Care of geriatric patients

Gabriel Hundeshagen, Jong Lee, William Norbury, David Herndon

Research output: Chapter in Book/Report/Conference proceedingChapter

Abstract

Burn injury is a serious hazard to the geriatric population. Despite general advances in burn care, morbidity and mortality remain high among geriatric patients. Overall, the general burn treatment approaches remain the same as in younger patient populations, but special attention needs to be paid to various age-specific risk factors and comorbidities. Early excision of burn wounds, prompt grafting, perioperative optimization, and strong rehabilitation efforts starting as soon as possible after injury are the backbone of interdisciplinary therapy. The hypermetabolic, hypercatabolic, and proinflammatory state that elderly patients experience after burn, although the same in principle, differs from the reaction seen in younger patients and poses additional challenges in perioperative management. This systemic reaction of increased energy expenditure, loss of muscle mass, increased lipolysis, inefficient cardiac work, reduced immune function, and pyrexia can be mitigated with various therapeutic agents. Nonetheless, the specific care for the growing number of aging burn patients is the subject of ongoing research.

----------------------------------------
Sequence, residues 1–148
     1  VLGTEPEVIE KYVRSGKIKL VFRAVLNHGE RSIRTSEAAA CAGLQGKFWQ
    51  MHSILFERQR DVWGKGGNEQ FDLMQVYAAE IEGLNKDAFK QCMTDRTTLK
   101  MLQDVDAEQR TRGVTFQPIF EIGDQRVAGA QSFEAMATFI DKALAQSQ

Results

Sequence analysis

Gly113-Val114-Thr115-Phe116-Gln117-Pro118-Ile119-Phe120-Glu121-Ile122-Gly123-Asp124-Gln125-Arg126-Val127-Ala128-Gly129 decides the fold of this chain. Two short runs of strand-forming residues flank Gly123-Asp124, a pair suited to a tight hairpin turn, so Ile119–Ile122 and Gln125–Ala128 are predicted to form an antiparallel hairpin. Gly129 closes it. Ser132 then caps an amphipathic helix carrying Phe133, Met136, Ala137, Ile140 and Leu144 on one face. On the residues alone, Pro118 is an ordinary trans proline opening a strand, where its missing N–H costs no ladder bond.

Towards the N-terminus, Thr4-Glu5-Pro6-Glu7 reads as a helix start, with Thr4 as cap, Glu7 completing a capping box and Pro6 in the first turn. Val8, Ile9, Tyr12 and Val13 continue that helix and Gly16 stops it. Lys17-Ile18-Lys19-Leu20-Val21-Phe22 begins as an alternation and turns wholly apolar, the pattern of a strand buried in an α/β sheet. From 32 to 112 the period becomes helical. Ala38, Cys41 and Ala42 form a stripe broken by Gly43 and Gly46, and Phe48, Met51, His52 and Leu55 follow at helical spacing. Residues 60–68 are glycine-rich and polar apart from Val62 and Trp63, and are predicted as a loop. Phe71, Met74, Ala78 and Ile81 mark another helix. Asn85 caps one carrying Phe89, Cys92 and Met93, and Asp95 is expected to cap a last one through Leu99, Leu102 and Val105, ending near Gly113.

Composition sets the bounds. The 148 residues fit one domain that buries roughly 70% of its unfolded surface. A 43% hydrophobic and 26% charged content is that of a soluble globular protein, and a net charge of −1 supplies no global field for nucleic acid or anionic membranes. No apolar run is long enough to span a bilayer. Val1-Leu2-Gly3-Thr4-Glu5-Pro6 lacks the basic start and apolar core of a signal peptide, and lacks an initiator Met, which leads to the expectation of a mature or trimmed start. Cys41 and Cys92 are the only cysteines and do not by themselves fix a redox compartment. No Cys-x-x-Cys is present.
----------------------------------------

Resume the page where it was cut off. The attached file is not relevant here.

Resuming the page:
Original languageEnglish (US)
Title of host publicationTotal Burn Care
Subtitle of host publicationFifth Edition
PublisherElsevier Inc.
Pages381-385.e2
ISBN (Electronic)9780323497428
ISBN (Print)9780323476614
DOIs
StatePublished - Nov 30 2017

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Keywords

  • Delayed immune response
  • Early excision and grafting
  • Early rehabilitation
  • Geriatric burn care
  • Hypermetabolic hypercatabolic state

ASJC Scopus subject areas

  • Medicine(all)

Cite this

Hundeshagen, G., Lee, J., Norbury, W., & Herndon, D. (2017). Care of geriatric patients. In Total Burn Care: Fifth Edition (pp. 381-385.e2). Elsevier Inc.. https://doi.org/10.1016/B978-0-323-47661-4.00035-6